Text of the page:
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The Communications Authority of Kenya (CA) has gazetted guidelines on features and technical specifications for mobile devices imported and distributed into the country. The notice, which is dated 15 May 2018, is aimed at curbing the influx of fake devices into the country, especially feature phones, despite previous measures put in by the government to put shackles on this menace.

The guidelines, which were gazetted through CA’s Director General, Francis Wangusi, put strict measures on the devices that can be imported into Kenya.

Three Year Aftersales Support

To start off, the authority states that all cellular devices (both smartphones and features phones) can only be imported by licensed telecommunications vendors and before the devices are distributed into the market, the vendor must provide a sample device to CA for testing and approval.

The guidelines further require that devices sold locally must have a user manual (physical or electronic) accompanying the device. The vendors are also required to provide at least one year warranty and to ensure the availability of aftersales support for a further two years period for each mobile device sold, bringing the total number of support to three years.

Fake Devices

Taking a swing at counterfeit devices that make their way into the Kenyan market, CA requires that the manufacturer’s brand or identification mark shall be printed on the mobile device in indelible ink that is readily visible and legible. Further, the authority has put a nozzle on the battery capacity of devices being sold locally, noting that any device with less than eight hours talk-time and 24 hours standby time are not allowed into the country.

Interestingly, the regulations also highlight that mobile devices being sold locally must have the capability of setting the ringtone volume to loud, vibrate and silent.

“Additional Software”

Among the list of regulations, is one point that is open to misinterpretation. Section 4.3.5, reads, “A mobile cellular device shall allow for installation of additional software and updates.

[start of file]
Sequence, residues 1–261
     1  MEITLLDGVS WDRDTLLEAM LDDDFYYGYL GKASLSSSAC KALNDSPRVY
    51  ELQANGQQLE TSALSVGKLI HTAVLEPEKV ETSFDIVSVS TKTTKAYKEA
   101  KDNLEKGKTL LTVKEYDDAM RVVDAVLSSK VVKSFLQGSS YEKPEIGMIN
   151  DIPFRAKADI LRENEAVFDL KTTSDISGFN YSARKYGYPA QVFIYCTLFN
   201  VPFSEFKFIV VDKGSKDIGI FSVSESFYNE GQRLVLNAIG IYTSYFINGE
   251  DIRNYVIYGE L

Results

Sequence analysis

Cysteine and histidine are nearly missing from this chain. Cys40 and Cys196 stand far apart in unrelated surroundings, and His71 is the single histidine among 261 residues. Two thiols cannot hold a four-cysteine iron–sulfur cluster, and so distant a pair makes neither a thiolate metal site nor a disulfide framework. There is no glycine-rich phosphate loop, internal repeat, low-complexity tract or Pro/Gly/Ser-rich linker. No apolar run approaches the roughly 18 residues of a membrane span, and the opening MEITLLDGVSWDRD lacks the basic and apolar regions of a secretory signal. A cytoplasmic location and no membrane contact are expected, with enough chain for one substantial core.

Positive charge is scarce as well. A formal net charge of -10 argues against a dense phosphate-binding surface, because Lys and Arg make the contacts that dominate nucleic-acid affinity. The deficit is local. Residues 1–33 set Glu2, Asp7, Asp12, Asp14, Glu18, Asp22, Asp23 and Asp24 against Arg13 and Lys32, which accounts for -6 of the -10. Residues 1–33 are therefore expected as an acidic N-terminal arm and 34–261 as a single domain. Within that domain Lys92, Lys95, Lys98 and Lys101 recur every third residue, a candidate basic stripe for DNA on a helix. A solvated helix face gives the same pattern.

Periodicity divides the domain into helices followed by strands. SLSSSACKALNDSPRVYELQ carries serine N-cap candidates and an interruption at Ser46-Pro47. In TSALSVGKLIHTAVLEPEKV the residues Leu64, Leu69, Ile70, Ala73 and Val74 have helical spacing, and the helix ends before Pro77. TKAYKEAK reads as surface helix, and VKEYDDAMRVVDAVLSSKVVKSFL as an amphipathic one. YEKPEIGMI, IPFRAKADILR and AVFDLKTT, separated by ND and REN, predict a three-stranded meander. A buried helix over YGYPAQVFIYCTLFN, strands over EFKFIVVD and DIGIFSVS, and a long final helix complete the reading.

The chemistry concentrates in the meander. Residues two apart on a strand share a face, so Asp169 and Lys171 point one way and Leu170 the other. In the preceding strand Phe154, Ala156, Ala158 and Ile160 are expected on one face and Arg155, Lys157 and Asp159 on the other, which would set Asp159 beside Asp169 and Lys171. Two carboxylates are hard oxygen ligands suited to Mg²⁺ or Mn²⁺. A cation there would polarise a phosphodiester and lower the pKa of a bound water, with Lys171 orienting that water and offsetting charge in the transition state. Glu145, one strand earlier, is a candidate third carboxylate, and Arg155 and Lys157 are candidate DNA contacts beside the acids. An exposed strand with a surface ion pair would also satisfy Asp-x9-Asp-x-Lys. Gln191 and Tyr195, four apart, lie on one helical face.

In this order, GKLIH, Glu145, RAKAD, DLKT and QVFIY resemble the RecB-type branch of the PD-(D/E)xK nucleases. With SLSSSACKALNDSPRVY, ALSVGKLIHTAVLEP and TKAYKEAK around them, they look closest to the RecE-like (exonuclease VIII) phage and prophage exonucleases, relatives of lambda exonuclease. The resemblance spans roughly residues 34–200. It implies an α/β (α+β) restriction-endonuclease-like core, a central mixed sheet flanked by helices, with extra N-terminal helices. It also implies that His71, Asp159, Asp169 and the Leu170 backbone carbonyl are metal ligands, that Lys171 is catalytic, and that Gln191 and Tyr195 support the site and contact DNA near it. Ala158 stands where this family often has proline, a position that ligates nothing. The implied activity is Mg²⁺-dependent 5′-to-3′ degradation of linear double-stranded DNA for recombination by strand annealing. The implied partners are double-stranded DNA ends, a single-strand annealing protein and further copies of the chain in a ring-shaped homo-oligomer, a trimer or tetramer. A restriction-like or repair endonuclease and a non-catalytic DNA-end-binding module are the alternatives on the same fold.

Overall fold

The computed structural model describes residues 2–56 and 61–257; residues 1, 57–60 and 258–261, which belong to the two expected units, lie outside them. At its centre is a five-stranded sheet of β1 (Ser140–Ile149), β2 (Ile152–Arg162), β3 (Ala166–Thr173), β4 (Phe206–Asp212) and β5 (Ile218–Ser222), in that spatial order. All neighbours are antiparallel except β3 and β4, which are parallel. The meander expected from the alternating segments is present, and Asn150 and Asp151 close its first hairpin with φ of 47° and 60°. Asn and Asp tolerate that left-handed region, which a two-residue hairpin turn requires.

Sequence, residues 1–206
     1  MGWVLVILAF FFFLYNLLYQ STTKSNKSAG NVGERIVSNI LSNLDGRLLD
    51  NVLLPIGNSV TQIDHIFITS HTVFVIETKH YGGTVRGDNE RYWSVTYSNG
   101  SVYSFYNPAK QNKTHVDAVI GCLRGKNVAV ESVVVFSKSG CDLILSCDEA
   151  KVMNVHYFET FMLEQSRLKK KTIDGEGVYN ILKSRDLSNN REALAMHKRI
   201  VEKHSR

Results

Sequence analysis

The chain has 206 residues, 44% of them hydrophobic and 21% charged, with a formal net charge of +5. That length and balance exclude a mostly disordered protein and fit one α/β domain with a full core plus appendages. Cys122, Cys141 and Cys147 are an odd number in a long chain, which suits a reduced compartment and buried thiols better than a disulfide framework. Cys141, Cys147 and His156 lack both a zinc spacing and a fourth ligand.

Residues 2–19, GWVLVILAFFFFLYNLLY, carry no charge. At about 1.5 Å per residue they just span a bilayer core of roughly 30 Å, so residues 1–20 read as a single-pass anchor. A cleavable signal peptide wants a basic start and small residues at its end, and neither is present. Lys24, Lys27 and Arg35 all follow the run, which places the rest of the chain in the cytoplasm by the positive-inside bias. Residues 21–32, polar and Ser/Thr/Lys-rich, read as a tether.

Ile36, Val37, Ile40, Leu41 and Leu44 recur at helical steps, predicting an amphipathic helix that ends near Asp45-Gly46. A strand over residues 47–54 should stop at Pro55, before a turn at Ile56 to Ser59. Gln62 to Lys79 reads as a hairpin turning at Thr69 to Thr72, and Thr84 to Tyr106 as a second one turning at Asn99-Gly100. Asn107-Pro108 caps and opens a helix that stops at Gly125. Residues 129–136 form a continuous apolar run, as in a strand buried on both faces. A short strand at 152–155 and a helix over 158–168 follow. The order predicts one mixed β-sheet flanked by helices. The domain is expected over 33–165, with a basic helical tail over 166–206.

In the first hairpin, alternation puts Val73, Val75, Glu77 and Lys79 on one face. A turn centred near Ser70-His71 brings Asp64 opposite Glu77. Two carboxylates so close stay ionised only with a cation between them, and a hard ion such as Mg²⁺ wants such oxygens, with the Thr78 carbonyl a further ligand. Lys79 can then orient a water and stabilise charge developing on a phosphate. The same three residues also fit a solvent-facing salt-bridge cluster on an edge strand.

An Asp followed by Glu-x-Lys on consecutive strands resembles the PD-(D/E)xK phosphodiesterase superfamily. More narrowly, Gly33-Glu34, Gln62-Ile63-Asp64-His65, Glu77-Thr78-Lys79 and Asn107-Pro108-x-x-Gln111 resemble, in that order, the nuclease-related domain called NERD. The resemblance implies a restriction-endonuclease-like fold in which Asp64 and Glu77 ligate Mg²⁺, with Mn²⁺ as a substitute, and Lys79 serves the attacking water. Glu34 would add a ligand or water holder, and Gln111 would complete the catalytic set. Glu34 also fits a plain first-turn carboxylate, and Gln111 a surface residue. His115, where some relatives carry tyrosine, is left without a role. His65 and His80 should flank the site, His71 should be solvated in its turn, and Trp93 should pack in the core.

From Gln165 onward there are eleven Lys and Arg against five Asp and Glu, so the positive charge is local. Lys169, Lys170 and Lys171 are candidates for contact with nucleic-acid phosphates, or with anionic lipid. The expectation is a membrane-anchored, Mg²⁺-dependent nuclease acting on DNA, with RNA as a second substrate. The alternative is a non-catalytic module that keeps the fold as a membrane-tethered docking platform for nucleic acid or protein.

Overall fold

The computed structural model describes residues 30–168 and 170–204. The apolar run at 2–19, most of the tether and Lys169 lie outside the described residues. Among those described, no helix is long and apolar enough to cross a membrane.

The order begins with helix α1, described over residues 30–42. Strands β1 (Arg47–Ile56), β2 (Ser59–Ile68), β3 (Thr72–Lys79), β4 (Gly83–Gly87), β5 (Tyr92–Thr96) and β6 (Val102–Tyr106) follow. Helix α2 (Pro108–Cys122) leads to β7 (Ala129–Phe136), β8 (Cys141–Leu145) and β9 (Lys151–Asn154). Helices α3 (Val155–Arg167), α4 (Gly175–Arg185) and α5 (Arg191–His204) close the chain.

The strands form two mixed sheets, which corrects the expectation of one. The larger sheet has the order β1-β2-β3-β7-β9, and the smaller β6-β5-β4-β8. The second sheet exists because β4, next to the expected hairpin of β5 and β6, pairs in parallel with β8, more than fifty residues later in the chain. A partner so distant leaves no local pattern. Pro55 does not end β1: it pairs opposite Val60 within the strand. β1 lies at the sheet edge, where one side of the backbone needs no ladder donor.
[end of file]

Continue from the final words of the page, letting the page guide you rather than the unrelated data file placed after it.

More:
In the age of data privacy and governments spying on their own citizens, this statement raises an eyebrow. We note that CA has not clarified what is classified as “additional software” or who is to provide this software, but they could just be simply referring to apps since those are software as well.

We, however, cannot ignore the implications of such a vague and undefined statement, hence we reached out to the authority for clarification but at the time of going to press, we were still waiting for an official response.

UPDATE (Response from CA):

“The purpose of these Guidelines is to outline to vendors the minimum features and technical specifications for phones they sell in Kenya. Once the vendor sells the phone, the control changes to the consumer. Consumers should have the flexibility of customizing their phones to take care of their special needs. So software update is to make the phone respond to consumer needs. For example, if a consumer has challenges in seeing, she/he may wish to use the SMS messaging service, which is text based, through voice by installing a text-to-voice software.”

What About the Grey Market?

One question that arises from these new regulations is whether unofficial vendors such as Avechi and other online shops who sell brands like OnePlus and Google Pixel locally will feel the heat, seeing that they do not have official manufacturer support to sell such devices in this region. It is also not clear what effect these guidelines have on an individual importing a device for personal use.

There’s the possibility of certain phones going from unique brands without local support to full-blown contrabands.

 

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